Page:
A Prehistoric Playground
Only 30 minutes away from downtown Columbia, S.C., Peachtree Rock Heritage Preserve feels like a trip back in time.
Layered sandstone formations, riddled with the fossils of ancient marine creatures, crop up on either side of the well-kept trails. Native longleaf pines tower overhead. Near the preserve’s entrance, the only natural waterfall on the state’s coastal plain splashes into a small pool.
Rich in culture, history, unusual geology, plants and wildlife, Peachtree Rock Heritage Preserve is a wonderful and educational place to visit. A new kiosk near the preserve’s titular formation – the now-toppled Peachtree Rock – describes the area’s unique natural offerings.
A Fallen Landmark
The “big rock” for which Peachtree Rock Heritage Preserve was named took the shape of an inverted pyramid, balanced on its tip. This unusual silhouette was created when the waters of the Atlantic Ocean receded long ago. The lower layers of the rock eroded more quickly, creating a wide top and narrow base.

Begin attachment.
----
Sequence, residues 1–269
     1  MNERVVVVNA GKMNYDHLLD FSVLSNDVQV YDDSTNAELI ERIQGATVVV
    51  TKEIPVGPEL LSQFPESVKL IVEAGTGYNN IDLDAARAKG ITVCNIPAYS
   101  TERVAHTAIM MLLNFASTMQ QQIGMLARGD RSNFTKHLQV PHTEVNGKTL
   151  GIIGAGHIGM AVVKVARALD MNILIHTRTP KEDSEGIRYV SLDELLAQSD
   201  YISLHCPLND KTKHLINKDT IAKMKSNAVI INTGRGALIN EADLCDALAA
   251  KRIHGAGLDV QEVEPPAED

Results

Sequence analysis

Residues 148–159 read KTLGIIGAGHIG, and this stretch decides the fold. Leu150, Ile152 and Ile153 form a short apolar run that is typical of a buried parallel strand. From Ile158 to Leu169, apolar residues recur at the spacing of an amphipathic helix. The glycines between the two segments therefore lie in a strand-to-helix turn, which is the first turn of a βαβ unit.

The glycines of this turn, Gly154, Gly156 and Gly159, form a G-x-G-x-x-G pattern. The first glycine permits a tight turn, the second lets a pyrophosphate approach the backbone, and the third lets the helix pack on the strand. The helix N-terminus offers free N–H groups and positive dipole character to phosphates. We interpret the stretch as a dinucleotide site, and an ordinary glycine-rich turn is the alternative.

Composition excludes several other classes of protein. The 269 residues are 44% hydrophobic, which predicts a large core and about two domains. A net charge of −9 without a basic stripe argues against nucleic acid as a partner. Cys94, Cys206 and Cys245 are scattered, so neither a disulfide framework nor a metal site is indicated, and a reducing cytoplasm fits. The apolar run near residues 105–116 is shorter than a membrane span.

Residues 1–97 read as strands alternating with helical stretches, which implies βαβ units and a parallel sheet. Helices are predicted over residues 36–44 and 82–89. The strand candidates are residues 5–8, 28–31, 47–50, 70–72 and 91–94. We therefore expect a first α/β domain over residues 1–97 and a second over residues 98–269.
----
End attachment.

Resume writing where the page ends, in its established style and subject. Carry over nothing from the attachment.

Erosion, storms and visitors carving into the rock gradually wore away at that fragile pedestal. On December 7, 2013, a hiker observed that Peachtree Rock had toppled.
The sandstone’s crumbly nature made it impossible to hold up the rock artificially, so the decision was made it leave it on its side. The Nature Conservancy and South Carolina Department of Natural Resources (SC-DNR) continue to monitor its position and stability.
While the big rock has fallen, a smaller but similar formation – affectionately known as “Little Peachtree Rock” – still stands just off the trail near the back of the preserve.
Peachtree Rock is a Heritage Preserve co-managed by the Conservancy and SC-DNR. A shared goal for the preserve is to nurture its on-site native longleaf pine forests. Seventy-four acres of non-native slash pine were removed and replanted with longleaf in 2007. Those seedlings are being nurtured through controlled burning, which has taken place in 2008, 2014 and 2016 to remove dense underbrush and encourage longleaf germination and growth.